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Cross-Border Cops Crack Down on Bogus Advance-Fee Loans, Advance-Fee Credit Card Schemes

Cross-Border Cops Crack Down on Bogus Advance-Fee Loans, Advance-Fee Credit Card Schemes

November 16, 2004

FTC Survey Shows Advance-Fee Scams Top the List of Consumer Frauds

United States and Canadian law enforcers have joined forces to target a scam that affects millions of consumers a year, bilking each of them out of hundreds of dollars or more, for loans they never get. The “loans” are promoted by Ontario-based telemarketers who target U.S. citizens by running ads in U.S. newspapers that they pay for with stolen or compromised credit cards. The three-prong initiative, advanced by the Toronto Strategic Partnership, a group of law enforcement agencies in the United States and Canada that shares information and collaborates to combat cross-border fraud, involves law enforcement cooperation, an alert to consumers, warning them about these scams, and an effort to enlist newspapers across the country to check out questionable ads with law enforcers before running them. The FTC also announced an advance-fee credit card case developed through work with the Partnership. Since the Partnership was created in 2000, it has worked to bring 16 FTC cases and over 380 Canadian criminal charges.

“Our recent consumer fraud survey showed that advance-fee loan scams were the most frequently reported type of consumer fraud,” said Deborah Platt Majoras, Chairman of the Federal Trade Commission. “Four-and-a-half million consumers – 2.1 percent of the U.S. adult population – paid advance-fees but did not receive the promised loan or card.”

Advance-fee scams are launched from “boiler rooms” in Canada that advertise loans in the classified ad sections of newspapers or use telemarketing to market major credit cards to consumers for an advance-fee. The sales pitches entice consumers with promises of “guaranteed” loans or credit cards regardless of a consumer’s credit history. When applying for these services, consumers often are asked to wire hundreds – or even thousands – of dollars to Canadian addresses.

“Consumer fraud is going global at a rapid pace; with our strategic law-enforcement partnerships, so are we,” Majoras said.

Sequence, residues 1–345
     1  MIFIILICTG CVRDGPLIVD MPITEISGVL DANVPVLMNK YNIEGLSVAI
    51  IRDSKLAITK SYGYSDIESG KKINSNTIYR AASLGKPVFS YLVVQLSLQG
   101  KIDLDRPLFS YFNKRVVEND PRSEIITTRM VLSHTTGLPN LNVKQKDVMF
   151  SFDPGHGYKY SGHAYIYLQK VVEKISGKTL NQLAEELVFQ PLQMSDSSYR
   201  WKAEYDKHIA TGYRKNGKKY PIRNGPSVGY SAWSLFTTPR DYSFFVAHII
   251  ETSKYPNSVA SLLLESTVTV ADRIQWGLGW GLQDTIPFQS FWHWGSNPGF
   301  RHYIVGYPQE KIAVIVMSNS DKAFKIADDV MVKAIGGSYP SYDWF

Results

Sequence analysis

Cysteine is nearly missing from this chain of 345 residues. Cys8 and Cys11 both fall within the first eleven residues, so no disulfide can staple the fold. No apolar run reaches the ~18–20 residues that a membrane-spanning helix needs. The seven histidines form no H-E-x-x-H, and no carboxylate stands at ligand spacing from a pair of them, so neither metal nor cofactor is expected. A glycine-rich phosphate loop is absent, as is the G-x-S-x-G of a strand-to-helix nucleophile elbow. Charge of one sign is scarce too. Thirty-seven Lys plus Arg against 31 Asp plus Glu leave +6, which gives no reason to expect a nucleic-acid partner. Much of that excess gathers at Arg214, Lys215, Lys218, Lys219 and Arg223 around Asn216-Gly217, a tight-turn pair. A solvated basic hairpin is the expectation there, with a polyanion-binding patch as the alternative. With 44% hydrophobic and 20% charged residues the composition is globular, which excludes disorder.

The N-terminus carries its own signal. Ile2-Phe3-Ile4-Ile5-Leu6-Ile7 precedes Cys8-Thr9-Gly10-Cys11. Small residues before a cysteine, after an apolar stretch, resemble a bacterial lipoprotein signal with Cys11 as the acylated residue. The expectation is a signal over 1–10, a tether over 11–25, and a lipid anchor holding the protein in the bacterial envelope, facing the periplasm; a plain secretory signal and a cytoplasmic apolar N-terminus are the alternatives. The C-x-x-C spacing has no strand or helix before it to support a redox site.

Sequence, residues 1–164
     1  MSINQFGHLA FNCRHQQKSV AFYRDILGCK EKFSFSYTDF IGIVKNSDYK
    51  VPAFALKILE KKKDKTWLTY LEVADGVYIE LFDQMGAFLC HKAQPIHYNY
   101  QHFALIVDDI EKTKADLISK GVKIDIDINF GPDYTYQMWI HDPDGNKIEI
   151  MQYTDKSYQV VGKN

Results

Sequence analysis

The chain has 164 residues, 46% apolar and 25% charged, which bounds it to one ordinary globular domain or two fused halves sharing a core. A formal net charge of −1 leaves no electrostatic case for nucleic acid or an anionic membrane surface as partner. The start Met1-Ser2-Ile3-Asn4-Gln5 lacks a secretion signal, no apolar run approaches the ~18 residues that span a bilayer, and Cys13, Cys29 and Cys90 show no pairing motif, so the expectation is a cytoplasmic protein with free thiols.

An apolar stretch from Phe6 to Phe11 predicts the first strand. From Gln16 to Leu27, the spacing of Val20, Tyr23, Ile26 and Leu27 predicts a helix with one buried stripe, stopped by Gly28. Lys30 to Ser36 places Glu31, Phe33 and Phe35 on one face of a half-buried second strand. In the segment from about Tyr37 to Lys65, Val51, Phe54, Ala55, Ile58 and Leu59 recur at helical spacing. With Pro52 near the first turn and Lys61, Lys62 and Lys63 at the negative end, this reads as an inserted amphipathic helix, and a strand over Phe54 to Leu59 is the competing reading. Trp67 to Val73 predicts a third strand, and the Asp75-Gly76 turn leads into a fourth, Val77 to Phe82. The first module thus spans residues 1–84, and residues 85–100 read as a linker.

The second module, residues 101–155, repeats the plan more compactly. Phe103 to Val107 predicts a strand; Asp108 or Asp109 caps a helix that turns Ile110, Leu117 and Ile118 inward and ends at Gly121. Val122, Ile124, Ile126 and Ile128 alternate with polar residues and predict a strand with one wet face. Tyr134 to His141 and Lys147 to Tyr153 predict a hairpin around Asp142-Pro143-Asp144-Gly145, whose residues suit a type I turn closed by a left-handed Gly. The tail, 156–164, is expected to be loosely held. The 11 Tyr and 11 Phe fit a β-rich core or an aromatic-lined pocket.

The Toronto Strategic Partnership works to identify and locate advance-fee scammers and shut down their operations. Today, the FTC and the Partnership issued a new consumer alert with tips to avoid advance-fee scams, and has sent letters to 28 state press associations urging them to let their members know that ads that guarantee loans, even to consumers with poor credit histories, may be fraudulent.

The FTC announced a law enforcement action against Prime One Benefits, a Canadian-based company that falsely claimed that consumers who paid a fee ranging from $159 to $236 would be guaranteed a low-interest rate, high-credit limit, and no-annual-fee MasterCard or Visa credit card.The FTC charged that since August 1999, Prime One Benefits has operated boiler rooms in Toronto, targeting U.S. consumers, often the elderly or university students. After paying the fee, consumers did not receive credit cards. Instead, they received packages containing coupons and discounts for travel, recreation, auto, medical plans, satellite service, and cellular telephones.

“The FTC’s Telemarketing Sales Rule (TSR) prohibits telemarketers from charging an advance-fee for credit or loan services,” Majoras said. “Legitimate lenders, banks, and credit card companies never charge consumers in advance.”

The FTC’s complaint names 120194 Canada Limited, doing business as Veritech Communications, Veritech Communication Services, Veritech, Prime One Benefits, Prime One Financial, Prime One, First National Credit Service, and U.S. National Credit, Prime One Financial Group, Inc., d/b/a Prime One Benefits, Prime One Financial, Prime One, First National Credit Service, and U.S. National Credit, Marketing Directives, Inc. The FTC complaint also alleges that this group of companies is owned and operated by individual defendants Paul Price and Elissa R. Price, also known as Lisa Price and Lisa Wells. The FTC received substantial assistance in this case from the U.S. Attorney’s Office for the Southern District of Illinois. The Commission vote authorizing staff to file the complaint was 5-0. The complaint was filed in the U.S. District Court for the Northern District of Illinois, Eastern Division, on November 8, 2004.

The Toronto Strategic Partnership was created in 2000 as part of a broad initiative by the U.S. and Canadian government to enhance cooperation between the two countries in fighting fraud. The members include the FTC, the U.S. Postal Inspection Service, the Toronto Police Service, the Ontario Ministry of Consumer and Business Services, the Ontario Provincial Police, and the Canadian Competition Bureau.